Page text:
So, you think the merger between Comcast and Time Warner Cable is a horrible idea. You aren’t alone. However, what you think matters very little because Comcast has deployed an army of lobbyists on Capitol Hill to do its bidding and make sure its proposed TWC merger will sail through with as little resistance as possible. More →
The quality of Netflix streaming has tanked over the past several months at several ISPs because Netflix and the ISPs have been wrangling over who should pick up the tab for all the added traffic being generated by Netflix’s HD video streaming service. ISPs such as Verizon and Comcast have been asking Netflix and bandwidth providers such as Cogent Communications to pay additional fees that will help them deal with added traffic loads. Netflix, meanwhile, has asked ISPs to peer directly with its new video content delivery network as an alternative to charging additional fees. More →
Not surprisingly, we can now count DirecTV CEO Mike White among those who oppose Comcast’s proposed Time Warner Cable acquisition. During the pay TV provider’s earnings call on Thursday afternoon, White was asked to share his feelings on the merger that would see two of the country’s largest TV and Internet providers merge into a single giant. According to an account from The Wall Street Journal, White said that the deal would create ”unprecedented media concentration in one company,” and the combined entity would have an “effective monopoly” in two-thirds of the United States. Dish chairman Charlie Ergen had previously said that there would be some benefits to the Comcast-TWC merger, but he expressed doubt that regulators would ever approve the deal.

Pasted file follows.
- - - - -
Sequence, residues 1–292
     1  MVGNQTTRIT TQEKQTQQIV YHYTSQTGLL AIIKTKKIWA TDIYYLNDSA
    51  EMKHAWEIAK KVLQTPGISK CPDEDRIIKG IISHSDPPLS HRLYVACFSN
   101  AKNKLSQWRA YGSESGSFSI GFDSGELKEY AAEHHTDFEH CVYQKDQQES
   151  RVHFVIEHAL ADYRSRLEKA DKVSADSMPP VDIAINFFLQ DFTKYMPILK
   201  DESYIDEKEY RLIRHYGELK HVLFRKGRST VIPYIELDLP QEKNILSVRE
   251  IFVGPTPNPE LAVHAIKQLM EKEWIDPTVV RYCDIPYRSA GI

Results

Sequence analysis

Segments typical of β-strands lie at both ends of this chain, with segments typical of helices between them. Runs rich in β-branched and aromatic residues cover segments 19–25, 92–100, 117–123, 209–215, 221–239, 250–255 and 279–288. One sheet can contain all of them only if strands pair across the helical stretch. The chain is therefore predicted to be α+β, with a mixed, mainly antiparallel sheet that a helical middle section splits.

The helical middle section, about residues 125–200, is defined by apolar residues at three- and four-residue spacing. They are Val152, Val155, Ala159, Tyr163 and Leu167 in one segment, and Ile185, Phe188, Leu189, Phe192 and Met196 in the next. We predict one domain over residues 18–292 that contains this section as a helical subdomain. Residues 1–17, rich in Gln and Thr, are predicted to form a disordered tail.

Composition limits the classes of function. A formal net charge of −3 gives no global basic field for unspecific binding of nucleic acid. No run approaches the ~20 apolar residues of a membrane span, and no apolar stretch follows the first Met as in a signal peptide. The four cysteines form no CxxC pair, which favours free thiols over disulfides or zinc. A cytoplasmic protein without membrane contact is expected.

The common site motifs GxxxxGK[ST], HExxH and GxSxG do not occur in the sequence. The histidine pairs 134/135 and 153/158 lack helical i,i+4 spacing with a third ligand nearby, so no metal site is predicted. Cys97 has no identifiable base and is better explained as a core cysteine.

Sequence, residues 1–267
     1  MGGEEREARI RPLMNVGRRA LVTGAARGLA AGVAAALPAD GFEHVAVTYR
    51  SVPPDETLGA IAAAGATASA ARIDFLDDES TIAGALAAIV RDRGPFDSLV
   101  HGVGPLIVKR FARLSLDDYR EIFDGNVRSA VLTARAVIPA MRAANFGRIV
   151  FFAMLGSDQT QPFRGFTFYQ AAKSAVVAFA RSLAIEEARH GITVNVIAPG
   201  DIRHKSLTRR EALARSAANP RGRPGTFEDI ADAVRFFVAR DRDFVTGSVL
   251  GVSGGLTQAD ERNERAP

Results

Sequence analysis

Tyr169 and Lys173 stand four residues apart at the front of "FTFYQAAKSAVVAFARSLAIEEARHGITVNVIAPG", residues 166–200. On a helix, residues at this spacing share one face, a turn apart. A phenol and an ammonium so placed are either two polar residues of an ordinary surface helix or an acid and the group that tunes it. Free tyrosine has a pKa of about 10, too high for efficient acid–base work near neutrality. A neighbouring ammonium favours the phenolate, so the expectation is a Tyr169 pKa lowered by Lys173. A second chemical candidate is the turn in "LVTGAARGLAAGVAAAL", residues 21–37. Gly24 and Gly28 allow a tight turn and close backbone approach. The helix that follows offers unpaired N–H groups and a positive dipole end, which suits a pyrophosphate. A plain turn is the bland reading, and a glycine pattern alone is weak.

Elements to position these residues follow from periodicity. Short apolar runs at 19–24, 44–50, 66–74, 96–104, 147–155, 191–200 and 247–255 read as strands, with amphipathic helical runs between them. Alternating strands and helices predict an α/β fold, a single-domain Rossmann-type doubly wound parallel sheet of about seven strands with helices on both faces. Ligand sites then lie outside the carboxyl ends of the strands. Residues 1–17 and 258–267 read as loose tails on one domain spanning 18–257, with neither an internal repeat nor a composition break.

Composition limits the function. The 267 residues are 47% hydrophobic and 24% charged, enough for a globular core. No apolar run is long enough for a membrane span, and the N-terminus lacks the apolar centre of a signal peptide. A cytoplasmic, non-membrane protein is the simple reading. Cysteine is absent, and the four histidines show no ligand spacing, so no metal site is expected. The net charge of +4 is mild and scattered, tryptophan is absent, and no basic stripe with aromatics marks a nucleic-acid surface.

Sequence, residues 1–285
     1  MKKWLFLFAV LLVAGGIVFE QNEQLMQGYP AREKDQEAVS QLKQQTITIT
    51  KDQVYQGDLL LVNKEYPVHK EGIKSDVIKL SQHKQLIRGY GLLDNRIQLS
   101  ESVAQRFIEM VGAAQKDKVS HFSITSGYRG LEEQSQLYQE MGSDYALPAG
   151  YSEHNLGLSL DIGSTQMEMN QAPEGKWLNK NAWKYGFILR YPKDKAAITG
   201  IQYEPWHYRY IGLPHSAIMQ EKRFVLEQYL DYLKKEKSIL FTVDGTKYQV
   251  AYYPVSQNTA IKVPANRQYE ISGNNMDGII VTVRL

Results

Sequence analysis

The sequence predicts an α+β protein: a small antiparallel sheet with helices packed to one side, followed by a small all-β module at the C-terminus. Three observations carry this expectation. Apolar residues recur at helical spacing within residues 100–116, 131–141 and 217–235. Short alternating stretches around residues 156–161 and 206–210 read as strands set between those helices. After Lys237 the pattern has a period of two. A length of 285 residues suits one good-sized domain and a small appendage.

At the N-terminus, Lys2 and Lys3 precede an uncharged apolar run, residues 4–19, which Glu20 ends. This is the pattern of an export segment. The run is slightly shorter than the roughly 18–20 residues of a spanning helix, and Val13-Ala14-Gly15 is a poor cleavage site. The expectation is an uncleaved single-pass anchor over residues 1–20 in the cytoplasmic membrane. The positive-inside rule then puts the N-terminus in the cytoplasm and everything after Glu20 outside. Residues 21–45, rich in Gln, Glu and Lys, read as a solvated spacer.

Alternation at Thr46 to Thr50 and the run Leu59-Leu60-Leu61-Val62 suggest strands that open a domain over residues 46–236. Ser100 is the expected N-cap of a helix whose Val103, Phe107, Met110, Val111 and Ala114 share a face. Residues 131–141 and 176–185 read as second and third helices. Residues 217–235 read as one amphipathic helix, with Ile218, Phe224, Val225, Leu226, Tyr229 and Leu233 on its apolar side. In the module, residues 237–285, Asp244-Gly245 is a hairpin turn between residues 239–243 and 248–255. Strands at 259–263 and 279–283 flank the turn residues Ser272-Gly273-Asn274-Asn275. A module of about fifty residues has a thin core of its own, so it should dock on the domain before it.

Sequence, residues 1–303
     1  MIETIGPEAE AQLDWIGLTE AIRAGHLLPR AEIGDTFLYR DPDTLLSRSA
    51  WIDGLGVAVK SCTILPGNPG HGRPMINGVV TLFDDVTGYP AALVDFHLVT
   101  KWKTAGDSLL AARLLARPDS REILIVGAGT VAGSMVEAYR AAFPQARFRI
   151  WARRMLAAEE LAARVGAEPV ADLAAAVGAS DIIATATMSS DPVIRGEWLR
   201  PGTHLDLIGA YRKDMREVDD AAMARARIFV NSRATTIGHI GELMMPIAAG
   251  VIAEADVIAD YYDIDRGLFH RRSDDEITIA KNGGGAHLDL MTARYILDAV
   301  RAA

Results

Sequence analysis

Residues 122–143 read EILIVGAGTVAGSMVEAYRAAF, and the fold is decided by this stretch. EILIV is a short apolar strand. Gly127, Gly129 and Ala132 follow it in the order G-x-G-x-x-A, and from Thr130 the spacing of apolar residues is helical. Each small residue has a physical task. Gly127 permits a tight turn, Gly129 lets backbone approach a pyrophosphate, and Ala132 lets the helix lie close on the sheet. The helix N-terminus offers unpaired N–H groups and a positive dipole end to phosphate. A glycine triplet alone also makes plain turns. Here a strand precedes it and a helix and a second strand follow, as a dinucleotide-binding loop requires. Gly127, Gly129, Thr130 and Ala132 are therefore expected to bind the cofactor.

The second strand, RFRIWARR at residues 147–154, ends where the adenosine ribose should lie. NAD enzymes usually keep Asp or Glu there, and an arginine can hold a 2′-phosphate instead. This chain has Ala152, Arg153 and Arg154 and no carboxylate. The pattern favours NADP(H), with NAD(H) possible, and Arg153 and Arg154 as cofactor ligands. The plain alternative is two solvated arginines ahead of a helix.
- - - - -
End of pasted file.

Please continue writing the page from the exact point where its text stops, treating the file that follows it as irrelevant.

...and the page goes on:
Comcast has said repeatedly that it has no intention of throttling Netflix’s traffic and there may be a good reason to believe it’s telling the truth. Not because Comcast executives are benevolent cherubs, of course, but more because they’re smart enough to know that throttling Netflix’s traffic would lead to a public relations battle that they would lose very, very badly. More →
Who runs the Internet? Is it Google, the global search leader that trades fantastic free services for borderline frightening insights into user behavior? Is it Apple, whose iPhones and iPads are reportedly used to connect people to the Internet more than any other mobile devices on the planet by a massive margin? Is it the Illuminati? According to a new feature from the team that taught us how to disappear online, there are actually six organizations that secretly run the Internet and you might not have considered any of them. More →
Get ready to be knocked out of your seats, readers — consumers think a Comcast-Time Warner Cable merger is a bad idea. Comcast and Time Warner Cable confirmed earlier this month that they have reached a merger agreement that could see Comcast acquire Time Warner Cable for about $45 billion. The pay TV giants might have a few pals in high places in Washington, but they still face an uphill battle as regulators scrutinize the proposed deal. Beyond regulators, what do consumers think? Not surprisingly, a new study suggests that they don’t like the idea one bit. More →